The second part is, in terms of which ones we focus on, we focus on financial services, energy, life sciences/healthcare and then IP-intensive manufacturing. Those would be the airline-type companies, automotives, people that really focus on protecting their intellectual property.
BZ: Of those that you just listed, which one do you really see taking off?
Hovsepian: Where we see our integrated platform really taking hold initially is in the financial services sector. We had good response, good reaction from those customers as we look into that marketplace. That's where we've had the best initial response, followed by, probably, life sciences would be next.
BZ: Interesting. Have you seen any lag in the energy industry, given sector weakness?
Hovsepian: Our most popular use case is mergers and acquisitions. So, obviously, we're very active with energy companies, prior to things twisting, and actually post things twisting, right? Because--buying assets, that was very active, and now, there might be sale of assets--which is active. Either way, we benefit from that.
BZ: Are there any future enterprise deals with any big names, or any companies that investors should get excited about for Intralinks going forward, maybe in Q1 or fiscal year '16?
Hovsepian: I think for fiscal year '16, we built a plan that includes us winning some very large deals in order to make that plan of growth that I laid out. Therefore, it's going to take some good brand names as we go through the year to get there. When I look at the pipe, I do see some of those brand names in there. So I'm very excited about what '16 brings for us.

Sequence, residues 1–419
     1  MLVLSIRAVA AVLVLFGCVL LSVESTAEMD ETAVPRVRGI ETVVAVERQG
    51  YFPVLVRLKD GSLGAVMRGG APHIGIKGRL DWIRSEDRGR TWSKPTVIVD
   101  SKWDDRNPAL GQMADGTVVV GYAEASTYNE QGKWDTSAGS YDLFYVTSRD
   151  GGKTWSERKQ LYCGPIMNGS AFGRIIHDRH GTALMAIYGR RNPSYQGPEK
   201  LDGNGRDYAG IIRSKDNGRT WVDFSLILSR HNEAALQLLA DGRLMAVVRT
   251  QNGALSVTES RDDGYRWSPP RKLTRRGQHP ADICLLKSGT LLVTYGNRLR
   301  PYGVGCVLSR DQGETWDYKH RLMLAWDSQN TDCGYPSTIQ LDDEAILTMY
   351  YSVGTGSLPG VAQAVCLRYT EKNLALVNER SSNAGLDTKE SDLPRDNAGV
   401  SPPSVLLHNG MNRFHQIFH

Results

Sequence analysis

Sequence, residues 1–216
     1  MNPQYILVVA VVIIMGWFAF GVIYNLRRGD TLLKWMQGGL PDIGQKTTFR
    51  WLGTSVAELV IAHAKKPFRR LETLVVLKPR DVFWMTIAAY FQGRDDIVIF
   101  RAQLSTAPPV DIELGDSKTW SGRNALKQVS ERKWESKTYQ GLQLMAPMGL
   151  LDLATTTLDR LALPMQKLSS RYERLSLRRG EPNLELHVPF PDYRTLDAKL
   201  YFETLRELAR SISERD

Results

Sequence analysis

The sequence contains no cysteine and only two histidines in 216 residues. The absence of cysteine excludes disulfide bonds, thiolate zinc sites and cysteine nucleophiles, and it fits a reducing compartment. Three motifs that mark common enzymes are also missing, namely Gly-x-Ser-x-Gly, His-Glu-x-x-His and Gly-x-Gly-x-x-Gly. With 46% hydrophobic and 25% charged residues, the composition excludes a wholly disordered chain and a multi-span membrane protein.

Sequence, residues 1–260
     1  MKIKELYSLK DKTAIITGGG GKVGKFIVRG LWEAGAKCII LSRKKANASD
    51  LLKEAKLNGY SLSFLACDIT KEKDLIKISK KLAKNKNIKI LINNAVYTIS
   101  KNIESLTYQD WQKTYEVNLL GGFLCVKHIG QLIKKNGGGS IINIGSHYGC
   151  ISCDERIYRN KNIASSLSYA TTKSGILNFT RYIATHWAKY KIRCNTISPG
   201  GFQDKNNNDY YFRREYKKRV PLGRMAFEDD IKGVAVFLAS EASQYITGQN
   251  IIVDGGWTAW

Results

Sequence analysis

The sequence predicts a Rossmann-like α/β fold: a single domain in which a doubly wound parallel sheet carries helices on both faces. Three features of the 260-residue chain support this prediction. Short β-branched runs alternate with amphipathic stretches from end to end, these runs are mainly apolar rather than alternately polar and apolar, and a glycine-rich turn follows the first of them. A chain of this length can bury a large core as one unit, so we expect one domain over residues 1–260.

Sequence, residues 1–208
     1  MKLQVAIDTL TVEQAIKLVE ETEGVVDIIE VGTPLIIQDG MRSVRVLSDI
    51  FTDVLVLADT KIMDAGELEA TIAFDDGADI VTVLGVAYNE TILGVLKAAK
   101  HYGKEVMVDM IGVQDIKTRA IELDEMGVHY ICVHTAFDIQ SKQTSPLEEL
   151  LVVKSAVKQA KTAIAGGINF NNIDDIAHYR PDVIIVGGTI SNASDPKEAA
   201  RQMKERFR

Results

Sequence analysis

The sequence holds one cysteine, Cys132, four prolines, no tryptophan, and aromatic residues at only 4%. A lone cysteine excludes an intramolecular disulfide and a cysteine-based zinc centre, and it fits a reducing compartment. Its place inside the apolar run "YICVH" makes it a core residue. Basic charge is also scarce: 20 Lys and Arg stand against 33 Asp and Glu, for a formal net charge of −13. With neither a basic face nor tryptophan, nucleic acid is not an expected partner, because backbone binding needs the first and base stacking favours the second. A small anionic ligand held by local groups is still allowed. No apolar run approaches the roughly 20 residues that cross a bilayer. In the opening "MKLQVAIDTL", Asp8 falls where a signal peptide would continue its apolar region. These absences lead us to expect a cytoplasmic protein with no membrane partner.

BZ: To round it all out, is Interlinks focused more on organic growth right now? Or are you looking into any M&A? Have you been approached by anything in the M&A space?
Hovsepian: In terms of what we're seeing organically, we are seeing good organic growth. We just finished the year and our enterprise backlog grew 18% on a constant currency basis. So, that's great performance by the team. We guided to be in the 15-20% zone, so we were right where we'd hoped to be for the year at 18%.
In terms of people approaching us, as you can imagine, in some of the collaboration markets that we're playing in, there's been a lot of consolidation and fallout activity. In particular, we're seeing a lot of fallout activity in the file sync and share market, as that business model has been eroded from both a value perspective, from being just storage.
We're hearing a lot of chatter along those lines. In terms of our core strategy, we're really focused on driving that organic growth. And then, we'll look for particular technologies that would accelerate that growth for acquisition, or revenues that align for us to help drive our business faster in the market.